Infected and non-infected mice were injected intraperitoneally with 20 mg/kg of cocaine hydrochloride (kindly provided by the National Institute of Drug Abuse) in 0.1 ml saline or with 0.1 ml saline daily for 5 weeks. Mice were terminated under ether, blood samples collected from an axillary vein and spleens removed aseptically. Single cell suspensions were prepared in RPM1 medium supplemented with 10% heat-inactivated fetal calf serum and antibiotics (complete medium). Cells were centrifuged at 180 x g for 10 min and red blood cells were lysed in 0.144 M NH&l lysing buffer for 2 min and washed with complete medium. Cells were then processed for


NK cell function as described earlier [16]. Serum samples were stored at -70°C until analysis for cocaine levels. Natural killer cell activity NK cell function was measured using a fluorescence concentration and release assay modified from the method of Wierda et al. [17]. Unlike the “Cr release assay, measurement of specific lysis in this assay is based on the direct measurement of dye retained by the remaining viable target cells after the assay using the Pandex Fluorescence Concentrator and Analyzer (FCA) (Baxter Heathcare, Mudelein, IL). The carboxyfluorescein derivative 2’,7’-bis(carboxyethyl)-5’,6’-carboxyfluorescein (BCECF) was used as the target cell label. The assay has been found to be superior to the 51Cr release assay and is easily reproducible [17] [Pillai et al., unpublished data]. The Moloney murine leukemia-virus induced T-cell lymphoma line, YAC-1, was used as target for the NK cells. Tumor target cells were serially passaged in complete RPM1 1640 medium and used in cytotoxicity assays within 48 h of the last passage. Viability was determined to be more than 98% by Trypan Blue dye exclusion. Target cells were labeled with BCECF (Molecular Probes, Eugene, OR) as explained earlier [17]. The cells were then incubated at different effecter/target (E/T) cell concentrations (50:1,25:1, 12.51) in U-bottom microtiter plates (Falcon 3077, Becton & Dickinson, NJ) at 37°C in a humidified atmosphere of 5.0% carbon dioxide in air for 3 h. Spontaneous and maximum release was determined as described earlier 1171.After incubation, 100~~1aliquots from each well of the assay plate were transferred to wells in a Pandex harvesting plate (Baxter Healthcare Corp, Mudelein, IL). Automated washing and processing for fluorescence reading on the Pandex FCA have been described elsewhere [17]. Epifluorescence of each well was read at 485/535 nm excitation/emission wavelengths for BCECF using the automated Pandex FCA. An internal standard was also run at 590/620 nm. Specific percent cytotoxicity was calculated as follows: Spontaneous release - Experimental fluorescence x loo Spontaneous release - Maximum release RESULTS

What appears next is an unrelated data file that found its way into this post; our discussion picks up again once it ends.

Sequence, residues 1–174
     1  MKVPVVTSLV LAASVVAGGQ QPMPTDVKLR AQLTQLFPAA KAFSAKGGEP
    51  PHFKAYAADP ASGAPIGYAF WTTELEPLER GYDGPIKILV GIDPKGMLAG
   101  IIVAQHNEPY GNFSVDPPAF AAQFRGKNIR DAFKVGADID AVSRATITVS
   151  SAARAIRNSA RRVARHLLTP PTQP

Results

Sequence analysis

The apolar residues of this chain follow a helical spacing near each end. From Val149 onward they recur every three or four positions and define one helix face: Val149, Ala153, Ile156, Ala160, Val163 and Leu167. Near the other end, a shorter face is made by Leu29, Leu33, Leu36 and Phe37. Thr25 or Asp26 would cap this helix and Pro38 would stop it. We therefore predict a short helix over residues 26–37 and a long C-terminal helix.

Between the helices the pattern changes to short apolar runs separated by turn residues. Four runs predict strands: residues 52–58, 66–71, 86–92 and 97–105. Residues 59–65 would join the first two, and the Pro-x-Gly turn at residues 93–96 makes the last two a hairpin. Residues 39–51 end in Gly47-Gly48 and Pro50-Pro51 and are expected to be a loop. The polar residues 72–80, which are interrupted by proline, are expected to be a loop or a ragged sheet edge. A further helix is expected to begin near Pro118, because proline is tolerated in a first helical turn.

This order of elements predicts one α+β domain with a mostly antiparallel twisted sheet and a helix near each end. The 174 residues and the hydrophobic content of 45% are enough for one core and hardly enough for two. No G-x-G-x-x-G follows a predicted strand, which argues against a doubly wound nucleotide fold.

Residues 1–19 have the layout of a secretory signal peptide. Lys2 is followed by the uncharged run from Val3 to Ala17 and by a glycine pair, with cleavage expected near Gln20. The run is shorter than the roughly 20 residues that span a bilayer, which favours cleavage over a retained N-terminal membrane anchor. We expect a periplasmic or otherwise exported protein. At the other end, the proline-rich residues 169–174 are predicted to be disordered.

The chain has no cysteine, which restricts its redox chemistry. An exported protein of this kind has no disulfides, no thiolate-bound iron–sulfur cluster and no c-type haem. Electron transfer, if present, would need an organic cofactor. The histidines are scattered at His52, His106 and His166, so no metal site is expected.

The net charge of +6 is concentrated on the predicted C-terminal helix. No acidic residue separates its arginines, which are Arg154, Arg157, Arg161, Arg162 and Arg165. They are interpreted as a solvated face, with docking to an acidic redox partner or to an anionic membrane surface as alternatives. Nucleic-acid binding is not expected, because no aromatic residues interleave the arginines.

NK cell activity in infected and non-infected mice A uniform pattern of NK cell activity was seen for all 3 E/T ratios, therefore data for the 50: 1 ratio are presented. In the saline-injected, non-infected control mice, the NK cell activity did not significantly vary over time, the mean activity being 14.6 ? 1.4% cytotoxicity over the 16-h study. The retrovirally infected control mice showed an increased NK cell activity (23.9 + 2.1%) compared to the non-infected control mice, which also did not vary over time (Fig. 1). NK cell activity in the cocaine-treated animals increased dramatically over controls within 20 min of cocaine injection. In the non-infected mice, the NK cell activity was

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Treatment & Retrovirally

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Fig. 1. Percent NK cell activity in female C57BLl6 mice infected with LP-BM5 retrovirus and injected with 20 m&g cocaineh~dr~h~~~de (o>~ or saline (m), and in non-infected mice injected with saline (i), or injected with 20 mgikg cocaine hydrochloride (~1.

40.4rt3.9%at20min post-injection, reaching a maximum value of 41.7 f 2.7% at 40 min post-injection. The retrovirally infected mice showed much higher levels of NK cell activity. Peak levels of activity were also reached faster: after 20 min the activity was 53.3 + 3.3% and after 40 min the values dropped slightly to 47.4 + 3.5%. Interestingly, after 1 h the NK cell activities for the retrovirally infected mice were closely comparable to the activity found for the non-infected mice after 20 min (Fig_ 1). The NK cell activity for both the infected and non-infected mice decreased back to control levels over the remainder of the 16-h time course. DISCUSSION